Fact #2: The longer a meth issue remains undetected, costs increase, and behaviour can escalate from meth use to meth manufacture.
With a regular testing regime, meth contamination will be detected early, and the level is unlikely to exceed 1.5 micrograms/100cm2.
Conversely a meth issue that goes undetected causes contamination levels which are most likely going to exceed 1.5 micrograms/100cm2 and the sum insured may not cover the costs the property owner faces.
Reducing leakage for meth contamination claims
The economic purpose of insurance is risk management.
We believe there are opportunities for the insurance sector to reduce meth claims and the management costs and here’s a starting point:
1. Educate insureds with fact-based information
- Results from independent accredited labs
- Detail actual costs versus with the sum insured
- Explain the negative impacts for the owner including stress, loss of rent, decreased property value due to LIM record, ongoing stigma even once remediated
- Significant financial implications for apartment owners regarding ‘one event’ sum insured situation
2. Lower premiums or rebates for insurers who proactively manage meth risk by engaging reputable testing companies
- Evidence of pre and post tenancy surface swab testing minimum of 3 monthly intervals with lab-based analysis of the samples taken by a reputable company (not DIY test kits)
- Evidence of pre-purchase meth tests in dwellings and vehicles
- 24/7 monitoring with devices designed to detect meth manufacture
- Evidence of surface swab testing prior to any major renovations to mitigate situation where historical meth contamination bleeds back through newly renovated surfaces requiring significant remediation and increasing costs
Educate claim managers
To mitigate leakage with meth contamination claims, it is important claim managers have the experience to identify potential issues at the start of the claim and understand the following:
- How meth is used and how contamination occurs
- How meth residue behaves on different materials and ensure these materials are tested prior to decontamination
- The relevance of following the NIOSH9111 sampling technique and how not following this directly impacts results
- Different collection methods and how these impacts the results i.e.: individual samples, versus a composite sample or a composite of a composite sample.
- How to read a lab analysis report, confirm the collection method and interpret the results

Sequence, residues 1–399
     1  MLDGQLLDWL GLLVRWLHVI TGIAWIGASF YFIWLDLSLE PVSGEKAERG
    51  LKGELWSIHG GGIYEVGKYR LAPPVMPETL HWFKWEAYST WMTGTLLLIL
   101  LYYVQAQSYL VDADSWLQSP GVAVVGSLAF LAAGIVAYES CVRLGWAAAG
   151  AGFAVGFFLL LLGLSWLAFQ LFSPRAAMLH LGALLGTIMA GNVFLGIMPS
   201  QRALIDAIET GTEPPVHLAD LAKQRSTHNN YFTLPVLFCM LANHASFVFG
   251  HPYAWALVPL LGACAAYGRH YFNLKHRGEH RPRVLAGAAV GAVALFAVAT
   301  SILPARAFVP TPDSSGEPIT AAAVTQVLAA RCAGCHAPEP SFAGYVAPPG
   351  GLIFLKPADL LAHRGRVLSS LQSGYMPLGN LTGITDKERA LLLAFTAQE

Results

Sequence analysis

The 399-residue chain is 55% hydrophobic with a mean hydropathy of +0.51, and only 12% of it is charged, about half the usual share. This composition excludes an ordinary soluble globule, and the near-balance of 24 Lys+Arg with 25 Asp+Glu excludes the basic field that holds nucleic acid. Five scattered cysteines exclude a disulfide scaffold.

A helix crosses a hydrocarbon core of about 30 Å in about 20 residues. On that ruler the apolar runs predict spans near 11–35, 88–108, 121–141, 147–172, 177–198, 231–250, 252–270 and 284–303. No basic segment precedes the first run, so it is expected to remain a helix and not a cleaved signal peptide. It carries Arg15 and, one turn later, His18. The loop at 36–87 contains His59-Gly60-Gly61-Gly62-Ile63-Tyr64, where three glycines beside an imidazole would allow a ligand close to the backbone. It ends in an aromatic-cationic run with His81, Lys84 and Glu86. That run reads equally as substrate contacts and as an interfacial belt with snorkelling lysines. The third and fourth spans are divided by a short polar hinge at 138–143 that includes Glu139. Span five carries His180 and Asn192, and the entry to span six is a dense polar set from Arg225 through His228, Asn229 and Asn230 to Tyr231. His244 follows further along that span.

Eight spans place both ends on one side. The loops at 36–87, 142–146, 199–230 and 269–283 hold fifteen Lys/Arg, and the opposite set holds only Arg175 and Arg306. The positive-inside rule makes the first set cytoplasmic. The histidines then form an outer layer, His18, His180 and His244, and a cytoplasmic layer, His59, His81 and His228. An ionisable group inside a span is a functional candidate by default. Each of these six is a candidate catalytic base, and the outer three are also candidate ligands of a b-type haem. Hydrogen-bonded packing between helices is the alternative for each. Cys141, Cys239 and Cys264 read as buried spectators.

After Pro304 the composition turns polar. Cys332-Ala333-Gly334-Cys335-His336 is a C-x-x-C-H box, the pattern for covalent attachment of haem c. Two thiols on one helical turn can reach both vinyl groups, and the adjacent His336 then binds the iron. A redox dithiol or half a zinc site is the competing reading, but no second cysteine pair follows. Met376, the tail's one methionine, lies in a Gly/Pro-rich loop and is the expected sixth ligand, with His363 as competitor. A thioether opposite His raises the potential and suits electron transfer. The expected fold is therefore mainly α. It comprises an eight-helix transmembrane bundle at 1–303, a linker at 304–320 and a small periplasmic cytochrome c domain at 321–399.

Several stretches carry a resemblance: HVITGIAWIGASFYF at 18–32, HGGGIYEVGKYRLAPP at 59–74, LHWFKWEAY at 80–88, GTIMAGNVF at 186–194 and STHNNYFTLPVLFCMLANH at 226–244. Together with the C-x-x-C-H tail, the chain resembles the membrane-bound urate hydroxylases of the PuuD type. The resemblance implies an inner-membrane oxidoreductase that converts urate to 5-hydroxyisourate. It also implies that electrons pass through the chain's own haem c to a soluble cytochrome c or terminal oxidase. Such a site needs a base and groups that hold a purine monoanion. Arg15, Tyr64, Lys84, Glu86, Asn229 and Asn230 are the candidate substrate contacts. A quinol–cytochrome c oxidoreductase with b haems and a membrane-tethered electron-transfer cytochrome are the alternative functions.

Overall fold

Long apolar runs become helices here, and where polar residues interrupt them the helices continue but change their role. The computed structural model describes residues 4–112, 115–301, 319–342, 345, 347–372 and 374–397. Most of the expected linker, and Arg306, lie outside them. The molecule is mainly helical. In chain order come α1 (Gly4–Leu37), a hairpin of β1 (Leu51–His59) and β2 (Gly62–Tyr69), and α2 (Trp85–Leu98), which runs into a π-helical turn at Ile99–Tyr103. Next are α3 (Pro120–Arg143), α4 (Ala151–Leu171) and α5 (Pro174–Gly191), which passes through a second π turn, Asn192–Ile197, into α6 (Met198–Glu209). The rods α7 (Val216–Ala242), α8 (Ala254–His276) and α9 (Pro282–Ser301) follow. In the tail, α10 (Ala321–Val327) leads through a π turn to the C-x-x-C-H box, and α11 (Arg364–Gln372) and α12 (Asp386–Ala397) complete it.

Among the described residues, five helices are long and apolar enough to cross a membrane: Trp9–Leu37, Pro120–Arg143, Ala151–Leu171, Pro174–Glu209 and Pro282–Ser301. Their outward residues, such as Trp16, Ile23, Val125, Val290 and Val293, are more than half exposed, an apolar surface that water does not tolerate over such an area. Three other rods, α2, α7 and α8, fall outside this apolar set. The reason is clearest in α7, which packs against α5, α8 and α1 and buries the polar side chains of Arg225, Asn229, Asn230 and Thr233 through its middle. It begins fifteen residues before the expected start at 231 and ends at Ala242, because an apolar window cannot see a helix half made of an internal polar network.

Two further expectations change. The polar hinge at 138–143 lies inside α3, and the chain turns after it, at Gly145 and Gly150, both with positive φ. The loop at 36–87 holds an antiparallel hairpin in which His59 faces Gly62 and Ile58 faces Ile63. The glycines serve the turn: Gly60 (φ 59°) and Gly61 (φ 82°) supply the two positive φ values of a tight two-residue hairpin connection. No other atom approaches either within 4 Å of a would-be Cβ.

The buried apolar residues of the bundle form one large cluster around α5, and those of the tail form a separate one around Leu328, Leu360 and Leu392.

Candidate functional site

Depending on the level, a positive initial screening test is the start point that triggers detailed room by room individual testing. These results in conjunction with the testing companies’ recommendations form the decontamination plan.
When reviewing the detailed meth test report and results, the Claim Manager will need to draw on their experience and ensure the following:
- Relevant number of samples have been taken as per NZS8510 (The Standard)
- Sampling method followed NIOSH9111 technique
- All areas have been tested including out buildings
- High risk materials have been tested
- All items involved with air flow are tested
- Technicians recommendations are clear and relevant regarding decontamination
- Decontamination specialists understand the results and have a detailed plan
Fact #3: If the detailed testing has failed to account for the above, the decontamination process is likely to be ineffective and the property will require further testing and cleaning which escalates claim costs.
Other opportunities for insurers
When property owners are educated and understand meth risk, they are more likely to consider upgrades to their policies and accept increased premiums including:
- Reduction in excess
- Increased sums insured
- Special cover for apartments
At Mainland Claims Management our Auckland based loss adjuster, Debra Young, has managed hundreds of meth contaminated properties in her previous role in meth risk management. Debra is available to manage meth claims, to peer review meth test reports and she is happy to present to your team at your training days.
We look forward to continuing to provide a high level of service in claims management and if you have any questions relating to meth contamination please contact Debra on 0277 55445 or via email firstname.lastname@example.org